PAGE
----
“The climate-change campaign needs a sense of can-do enthusiasm”, says Fraser.  The language of “hope” and “salvation” comes to mind as a way religious folk can contribute to a global shift in consciousness about all of us living lightly on the earth.

Here’s an excerpt from Fraser’s recent speech:

Why is the climate-change campaign failing to change hearts and minds? Or perhaps it is chang­ing hearts and minds (we all do our little bit: recycling, green toothpaste, and so on), but is failing to affect our fundamental thirst for energy which drives the deeper changes that are taking place. Why?

One explanation is that many climate-change campaigners sweat gloom about the future. That hardly gives them a Henry V leadership style. It can sometimes seem as if their message is that if we try extremely hard, then we can just about stop any more changes. In other words: let’s make huge sacrifices in order to make nothing happen. With that message, it is hard to imagine how you might persuade someone to get out of bed.

At Lambeth Palace last fortnight, religious leaders got together to press a different message. We are the generation that is being called on to be heroes, to make a difference, to save the planet. Now that is the right emphasis.

The climate-change campaign needs a sense of can-do enthusiasm. It would be really something if that was what faith leaders were able to add to the mix: replacing gloomy defeatism with a secularised version of something we call hope.

Moreover, we may find that those who have sneered at the very idea of salvation will come to see the importance of this type of language. A biblical-sounding crisis requires a language and a philosophy commensurate with the size of the threat.–Giles Fraser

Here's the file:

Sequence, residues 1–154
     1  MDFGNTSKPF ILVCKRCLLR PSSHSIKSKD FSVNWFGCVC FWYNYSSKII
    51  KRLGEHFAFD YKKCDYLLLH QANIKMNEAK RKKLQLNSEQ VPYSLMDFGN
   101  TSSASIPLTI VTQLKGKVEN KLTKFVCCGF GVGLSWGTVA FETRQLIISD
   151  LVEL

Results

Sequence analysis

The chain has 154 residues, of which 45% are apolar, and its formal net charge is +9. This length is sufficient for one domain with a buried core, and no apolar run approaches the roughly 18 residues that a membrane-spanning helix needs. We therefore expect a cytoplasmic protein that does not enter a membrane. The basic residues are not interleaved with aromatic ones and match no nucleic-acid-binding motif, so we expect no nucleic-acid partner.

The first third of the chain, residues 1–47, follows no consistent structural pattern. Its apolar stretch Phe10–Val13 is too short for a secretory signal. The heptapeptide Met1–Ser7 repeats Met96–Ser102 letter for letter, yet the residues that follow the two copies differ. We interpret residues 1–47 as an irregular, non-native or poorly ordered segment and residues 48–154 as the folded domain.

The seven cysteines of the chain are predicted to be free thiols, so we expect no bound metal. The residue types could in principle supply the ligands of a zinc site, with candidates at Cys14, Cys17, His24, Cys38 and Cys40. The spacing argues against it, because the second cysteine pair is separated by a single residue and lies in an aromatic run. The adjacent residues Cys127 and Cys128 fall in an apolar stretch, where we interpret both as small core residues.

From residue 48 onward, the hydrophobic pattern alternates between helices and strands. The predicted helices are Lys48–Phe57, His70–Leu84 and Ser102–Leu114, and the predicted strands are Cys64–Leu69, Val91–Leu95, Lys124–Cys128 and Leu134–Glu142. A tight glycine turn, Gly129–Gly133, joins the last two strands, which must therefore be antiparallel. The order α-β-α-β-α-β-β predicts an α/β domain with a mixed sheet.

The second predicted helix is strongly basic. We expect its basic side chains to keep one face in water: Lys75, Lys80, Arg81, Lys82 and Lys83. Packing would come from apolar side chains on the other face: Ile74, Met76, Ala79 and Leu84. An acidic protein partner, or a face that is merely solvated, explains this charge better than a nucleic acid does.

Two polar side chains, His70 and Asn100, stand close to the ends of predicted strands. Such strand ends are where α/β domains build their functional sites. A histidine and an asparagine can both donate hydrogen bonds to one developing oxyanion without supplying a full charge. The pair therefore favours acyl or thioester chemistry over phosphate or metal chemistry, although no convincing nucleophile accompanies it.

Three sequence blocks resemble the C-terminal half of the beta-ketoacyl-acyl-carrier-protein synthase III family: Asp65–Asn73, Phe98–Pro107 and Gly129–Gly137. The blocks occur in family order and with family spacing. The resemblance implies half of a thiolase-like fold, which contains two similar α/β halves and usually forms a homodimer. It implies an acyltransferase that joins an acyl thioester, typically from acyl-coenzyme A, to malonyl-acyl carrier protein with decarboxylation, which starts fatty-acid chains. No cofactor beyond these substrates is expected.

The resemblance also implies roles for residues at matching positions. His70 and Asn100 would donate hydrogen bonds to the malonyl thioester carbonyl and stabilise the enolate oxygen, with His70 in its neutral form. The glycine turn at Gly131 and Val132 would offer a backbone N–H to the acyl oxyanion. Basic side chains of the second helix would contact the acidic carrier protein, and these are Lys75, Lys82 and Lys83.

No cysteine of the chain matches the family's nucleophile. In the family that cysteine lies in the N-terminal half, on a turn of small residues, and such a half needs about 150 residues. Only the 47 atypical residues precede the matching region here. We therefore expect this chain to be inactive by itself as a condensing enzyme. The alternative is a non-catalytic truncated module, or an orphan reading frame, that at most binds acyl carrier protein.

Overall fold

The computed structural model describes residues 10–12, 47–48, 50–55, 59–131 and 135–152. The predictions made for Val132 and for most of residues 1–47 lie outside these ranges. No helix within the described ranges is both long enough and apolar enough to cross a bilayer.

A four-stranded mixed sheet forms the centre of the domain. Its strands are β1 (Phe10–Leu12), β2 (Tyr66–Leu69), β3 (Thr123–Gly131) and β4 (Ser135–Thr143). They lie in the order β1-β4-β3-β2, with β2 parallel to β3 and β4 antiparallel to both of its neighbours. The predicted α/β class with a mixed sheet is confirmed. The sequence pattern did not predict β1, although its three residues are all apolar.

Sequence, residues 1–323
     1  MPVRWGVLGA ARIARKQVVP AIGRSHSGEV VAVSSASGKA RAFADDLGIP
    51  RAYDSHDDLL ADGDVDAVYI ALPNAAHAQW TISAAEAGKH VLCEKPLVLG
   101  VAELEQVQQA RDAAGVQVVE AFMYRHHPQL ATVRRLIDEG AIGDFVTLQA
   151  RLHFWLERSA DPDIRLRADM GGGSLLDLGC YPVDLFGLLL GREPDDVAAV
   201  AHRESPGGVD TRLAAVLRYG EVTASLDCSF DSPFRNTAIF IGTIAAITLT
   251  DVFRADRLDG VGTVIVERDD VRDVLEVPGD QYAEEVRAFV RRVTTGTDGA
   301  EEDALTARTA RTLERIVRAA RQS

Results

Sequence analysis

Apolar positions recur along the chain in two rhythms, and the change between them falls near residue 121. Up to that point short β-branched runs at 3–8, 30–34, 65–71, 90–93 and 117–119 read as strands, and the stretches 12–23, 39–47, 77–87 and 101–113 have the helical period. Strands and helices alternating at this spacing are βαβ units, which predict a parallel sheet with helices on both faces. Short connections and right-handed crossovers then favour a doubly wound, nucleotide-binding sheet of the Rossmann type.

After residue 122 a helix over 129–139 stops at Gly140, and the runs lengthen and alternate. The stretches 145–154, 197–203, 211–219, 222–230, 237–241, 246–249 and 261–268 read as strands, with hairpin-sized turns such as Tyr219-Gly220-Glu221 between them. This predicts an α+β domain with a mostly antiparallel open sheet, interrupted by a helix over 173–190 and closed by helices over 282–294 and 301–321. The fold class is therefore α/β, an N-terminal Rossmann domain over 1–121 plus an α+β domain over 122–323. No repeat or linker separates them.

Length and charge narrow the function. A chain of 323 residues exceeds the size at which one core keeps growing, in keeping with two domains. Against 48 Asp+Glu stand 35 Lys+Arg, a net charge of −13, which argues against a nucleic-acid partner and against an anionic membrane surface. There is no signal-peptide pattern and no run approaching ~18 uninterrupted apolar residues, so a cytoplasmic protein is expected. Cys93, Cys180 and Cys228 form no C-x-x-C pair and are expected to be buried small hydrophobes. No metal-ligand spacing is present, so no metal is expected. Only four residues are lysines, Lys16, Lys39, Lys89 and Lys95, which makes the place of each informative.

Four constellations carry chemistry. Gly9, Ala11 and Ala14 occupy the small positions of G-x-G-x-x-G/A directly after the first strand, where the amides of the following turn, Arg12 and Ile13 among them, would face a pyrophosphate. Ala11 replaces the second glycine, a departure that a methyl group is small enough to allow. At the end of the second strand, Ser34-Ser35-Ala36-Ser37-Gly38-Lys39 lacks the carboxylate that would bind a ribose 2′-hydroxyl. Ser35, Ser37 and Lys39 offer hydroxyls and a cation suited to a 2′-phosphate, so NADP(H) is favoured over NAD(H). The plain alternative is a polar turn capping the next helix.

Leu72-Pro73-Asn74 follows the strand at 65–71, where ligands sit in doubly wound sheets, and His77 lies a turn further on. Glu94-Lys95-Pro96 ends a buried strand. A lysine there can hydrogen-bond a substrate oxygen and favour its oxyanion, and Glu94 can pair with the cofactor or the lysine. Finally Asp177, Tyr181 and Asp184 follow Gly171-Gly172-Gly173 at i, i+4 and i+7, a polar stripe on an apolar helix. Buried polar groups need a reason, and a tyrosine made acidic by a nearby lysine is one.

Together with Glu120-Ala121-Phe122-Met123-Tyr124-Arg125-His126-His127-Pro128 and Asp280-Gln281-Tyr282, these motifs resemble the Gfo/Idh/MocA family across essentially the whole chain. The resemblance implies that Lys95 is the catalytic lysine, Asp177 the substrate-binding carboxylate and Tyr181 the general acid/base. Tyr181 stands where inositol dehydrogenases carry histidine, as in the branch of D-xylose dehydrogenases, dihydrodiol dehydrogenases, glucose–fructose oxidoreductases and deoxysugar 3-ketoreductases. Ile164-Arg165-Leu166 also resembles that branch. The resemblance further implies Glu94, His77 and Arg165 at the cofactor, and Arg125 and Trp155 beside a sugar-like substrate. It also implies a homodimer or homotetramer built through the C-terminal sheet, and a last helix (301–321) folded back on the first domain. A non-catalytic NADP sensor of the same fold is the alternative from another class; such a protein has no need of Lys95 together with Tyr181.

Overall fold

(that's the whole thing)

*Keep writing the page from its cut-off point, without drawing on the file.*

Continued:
Read the whole speech here.

Moving Toward a “Whole-Earth Jubilee”

earthjubileeOn October 24 people around the world will be observing the First International Day of Climate Action, hosted by Bill McKibben’s 350.org.

Right now, as the world prepares for the international climate change meeting in Copenhagen in December, the world lacks one thing to save itself: political will. We have the technology to make appropriate changes. But political will is forged through moral vision and religious persuasion brought to bear by a diverse set of grassroots actions. And grassroot action requires you.

For Christians, part of our mission in the world is to bring religious imagination to bear on the crises of our day. Climate change is one of the most critical crises of our day.

Thanks to Tim Kumfer over at Always New Depths for posting his short essay written for his Ecofeminist Theology and Philosophy class at Duke responding to this question: What resources exist in your religious and/or spiritual tradition for thinking about ecological crises like climate change, pollution, scarce resources like water and food, and species loss?

Here’s part of Tim’s response, but I encourage you to read the whole thing and consider what resources you draw on for shaping religious vision. Also, what fun and effective thing can you do for International Day of Climate Action on Oct. 24. Tim writes: